Structure/function analysis of a dUTPase: catalytic mechanism of a potential chemotherapeutic target

J M Harris, E M McIntosh, G E Muscat
Journal of Molecular Biology 1999 April 30, 288 (2): 275-87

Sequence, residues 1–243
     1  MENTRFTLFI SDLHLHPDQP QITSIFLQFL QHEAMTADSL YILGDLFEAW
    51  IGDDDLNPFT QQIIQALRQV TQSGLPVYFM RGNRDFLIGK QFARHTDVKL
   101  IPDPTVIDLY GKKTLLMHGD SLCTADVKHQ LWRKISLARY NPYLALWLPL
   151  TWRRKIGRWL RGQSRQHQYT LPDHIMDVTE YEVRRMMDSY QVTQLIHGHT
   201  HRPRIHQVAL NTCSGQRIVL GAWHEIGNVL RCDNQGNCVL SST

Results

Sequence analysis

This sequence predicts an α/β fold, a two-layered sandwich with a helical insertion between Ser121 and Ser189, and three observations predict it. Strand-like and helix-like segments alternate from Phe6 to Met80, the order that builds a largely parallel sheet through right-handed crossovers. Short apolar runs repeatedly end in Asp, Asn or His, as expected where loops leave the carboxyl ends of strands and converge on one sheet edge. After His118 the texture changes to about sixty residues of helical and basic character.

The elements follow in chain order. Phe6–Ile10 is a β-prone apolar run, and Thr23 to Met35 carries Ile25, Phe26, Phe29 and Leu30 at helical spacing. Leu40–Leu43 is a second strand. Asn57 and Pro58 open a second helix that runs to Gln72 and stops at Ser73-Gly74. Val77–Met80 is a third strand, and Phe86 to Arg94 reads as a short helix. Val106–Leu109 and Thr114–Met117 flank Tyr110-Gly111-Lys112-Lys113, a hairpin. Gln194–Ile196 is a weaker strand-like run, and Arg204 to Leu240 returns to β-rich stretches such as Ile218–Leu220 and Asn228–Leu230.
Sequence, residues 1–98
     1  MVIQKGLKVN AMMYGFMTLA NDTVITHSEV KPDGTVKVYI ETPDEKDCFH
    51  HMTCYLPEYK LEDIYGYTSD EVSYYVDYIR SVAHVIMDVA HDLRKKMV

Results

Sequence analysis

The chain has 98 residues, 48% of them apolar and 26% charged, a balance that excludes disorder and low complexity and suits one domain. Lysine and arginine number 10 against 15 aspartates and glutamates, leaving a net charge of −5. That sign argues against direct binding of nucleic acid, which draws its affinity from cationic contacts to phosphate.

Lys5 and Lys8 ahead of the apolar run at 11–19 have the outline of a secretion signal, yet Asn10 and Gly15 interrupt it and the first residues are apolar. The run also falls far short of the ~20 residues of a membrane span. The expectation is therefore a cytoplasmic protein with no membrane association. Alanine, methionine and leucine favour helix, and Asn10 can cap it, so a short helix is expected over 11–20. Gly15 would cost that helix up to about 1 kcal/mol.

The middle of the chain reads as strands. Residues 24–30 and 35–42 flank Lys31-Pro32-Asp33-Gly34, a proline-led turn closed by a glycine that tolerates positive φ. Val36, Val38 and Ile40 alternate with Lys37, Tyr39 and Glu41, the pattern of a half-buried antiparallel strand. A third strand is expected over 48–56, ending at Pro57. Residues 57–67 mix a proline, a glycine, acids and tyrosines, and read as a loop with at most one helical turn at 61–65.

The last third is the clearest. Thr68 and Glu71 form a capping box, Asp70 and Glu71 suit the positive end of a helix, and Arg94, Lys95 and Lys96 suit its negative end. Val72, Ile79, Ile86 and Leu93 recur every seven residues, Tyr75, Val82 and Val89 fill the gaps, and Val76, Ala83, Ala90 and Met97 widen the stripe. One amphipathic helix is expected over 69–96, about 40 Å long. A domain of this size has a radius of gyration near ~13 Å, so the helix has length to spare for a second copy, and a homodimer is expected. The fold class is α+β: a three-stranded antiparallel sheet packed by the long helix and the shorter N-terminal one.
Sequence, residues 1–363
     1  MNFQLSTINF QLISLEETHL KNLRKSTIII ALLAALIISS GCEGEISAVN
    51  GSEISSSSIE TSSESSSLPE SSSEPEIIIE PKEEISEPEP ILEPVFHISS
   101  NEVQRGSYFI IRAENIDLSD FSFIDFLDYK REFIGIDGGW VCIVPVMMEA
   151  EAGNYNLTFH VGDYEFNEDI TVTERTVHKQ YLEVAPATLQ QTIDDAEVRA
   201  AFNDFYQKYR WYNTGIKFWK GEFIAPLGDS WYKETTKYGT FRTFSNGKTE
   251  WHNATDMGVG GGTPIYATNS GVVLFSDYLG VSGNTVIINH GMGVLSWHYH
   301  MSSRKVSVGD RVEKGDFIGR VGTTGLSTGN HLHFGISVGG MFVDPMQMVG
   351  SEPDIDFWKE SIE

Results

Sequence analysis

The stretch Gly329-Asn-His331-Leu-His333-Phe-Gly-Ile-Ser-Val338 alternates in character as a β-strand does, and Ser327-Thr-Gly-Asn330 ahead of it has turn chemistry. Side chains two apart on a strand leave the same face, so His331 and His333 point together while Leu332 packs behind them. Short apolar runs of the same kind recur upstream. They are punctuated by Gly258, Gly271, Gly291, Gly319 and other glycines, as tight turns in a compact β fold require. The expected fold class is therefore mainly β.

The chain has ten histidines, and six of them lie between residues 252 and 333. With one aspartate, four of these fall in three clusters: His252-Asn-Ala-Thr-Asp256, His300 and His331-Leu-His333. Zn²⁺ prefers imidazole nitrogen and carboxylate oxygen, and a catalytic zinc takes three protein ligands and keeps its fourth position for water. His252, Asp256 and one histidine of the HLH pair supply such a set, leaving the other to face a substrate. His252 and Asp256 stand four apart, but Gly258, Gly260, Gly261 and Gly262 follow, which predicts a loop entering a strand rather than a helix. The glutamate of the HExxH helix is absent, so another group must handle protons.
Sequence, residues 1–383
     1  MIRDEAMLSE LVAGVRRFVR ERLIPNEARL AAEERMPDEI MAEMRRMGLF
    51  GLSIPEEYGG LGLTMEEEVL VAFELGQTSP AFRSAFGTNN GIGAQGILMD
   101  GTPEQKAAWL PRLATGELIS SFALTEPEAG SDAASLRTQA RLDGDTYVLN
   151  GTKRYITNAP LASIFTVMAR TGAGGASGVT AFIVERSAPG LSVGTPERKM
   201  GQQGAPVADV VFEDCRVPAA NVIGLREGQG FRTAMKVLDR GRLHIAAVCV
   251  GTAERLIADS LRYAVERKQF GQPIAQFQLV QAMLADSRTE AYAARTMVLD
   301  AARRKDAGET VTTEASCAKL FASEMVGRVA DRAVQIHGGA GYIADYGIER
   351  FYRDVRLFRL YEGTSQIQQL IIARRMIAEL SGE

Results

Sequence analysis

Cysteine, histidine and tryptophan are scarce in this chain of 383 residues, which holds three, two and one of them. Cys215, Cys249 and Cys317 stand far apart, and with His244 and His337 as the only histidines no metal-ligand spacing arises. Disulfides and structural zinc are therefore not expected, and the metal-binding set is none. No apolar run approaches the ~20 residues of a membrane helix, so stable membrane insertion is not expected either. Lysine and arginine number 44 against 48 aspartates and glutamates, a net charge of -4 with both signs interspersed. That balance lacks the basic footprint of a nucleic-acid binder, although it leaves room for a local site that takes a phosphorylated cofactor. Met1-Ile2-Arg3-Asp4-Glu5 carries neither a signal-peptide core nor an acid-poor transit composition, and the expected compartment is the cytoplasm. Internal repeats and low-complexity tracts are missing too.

dUTP pyrophosphatase catalyses hydrolysis of deoxyuridine triphosphate (dUTP) to deoxyuridine monophosphate (dUMP) and inorganic pyrophosphate (PPi). Elimination of dUTP is vital since its misincorporation into DNA by DNA polymerases can initiate a damaging iterative repair and misincorporation cycle, resulting in DNA fragmentation and cell death. The anti-tumour activity of folate agonists and thymidylate synthase inhibitors is thought to rely on dUTP misincorporation. Furthermore, retroviral cDNA production may be particularly susceptible to the effects of dUTP misincorporation by virtue of the error-prone nature of reverse trans criptase. Consequently, dUTPase activity is an ideal point of intervention in both chemotherapy and anti-retroviral therapy. In particular, the dUTPase encoded by a human endogenous retrovirus (HERV-K) has been suggested to complement HIV infection and so is an attractive target for specific inhibition. Hence, we used site photoaffinity labelling, site-directed mutagenesis and molecular modelling to assign catalytic roles to the conserved amino acid residues in the active site of the HERV-K dUTPase and to identify structural differences with other dUTPase enzymes. We found that dUTP photoaffinity labelling was specific for a beta-hairpin motif in HERV-K dUTPase. Mutagenesis of aspartate residues Asp84 and 86 to asparagine within this beta-hairpin showed the carboxylate moiety of both residues was required for catalysis but not for dUTP binding. An increase in the pKa of both aspartate residues brought about by substitution of a serine residue with a glutamate residue adjacent to the aspartate residues increased activity by a factor of 1.67 at pH 8.0, implicating general base catalysis as the enzyme's catalytic mechanism. Conservative mutagenesis of Tyr87 to Phe resulted in a sevenfold reduction of dUTPase activity and a 3.3-fold reduction in binding activity, whilst substitution with an isoleucine residue totally abolished both catalytic activity and dUTP binding, suggesting that binding/activity is dependent on an aromatic side-chain at the base of the hairpin. Comparison of a homology-based three-dimensional model structure of HERV-K dUTPase with a crystallographic structure of the human dUTPase revealed displacement of a conserved alpha-helix in the HERV-K enzyme causing expansion of the HERV-K active site. This expansion may be responsible for the ability of the HERV-K enzyme to hydrolyse dTTP and bind the bulkier dNTPs in contrast to the majority of dUTPases which are highly specific for dUTP. Knowledge of the dUTPase catalytic mechanism and the distinctive topography of the HERV-K active site provides a molecular basis for the design of HERV-K dUTPase-specific inhibitors.

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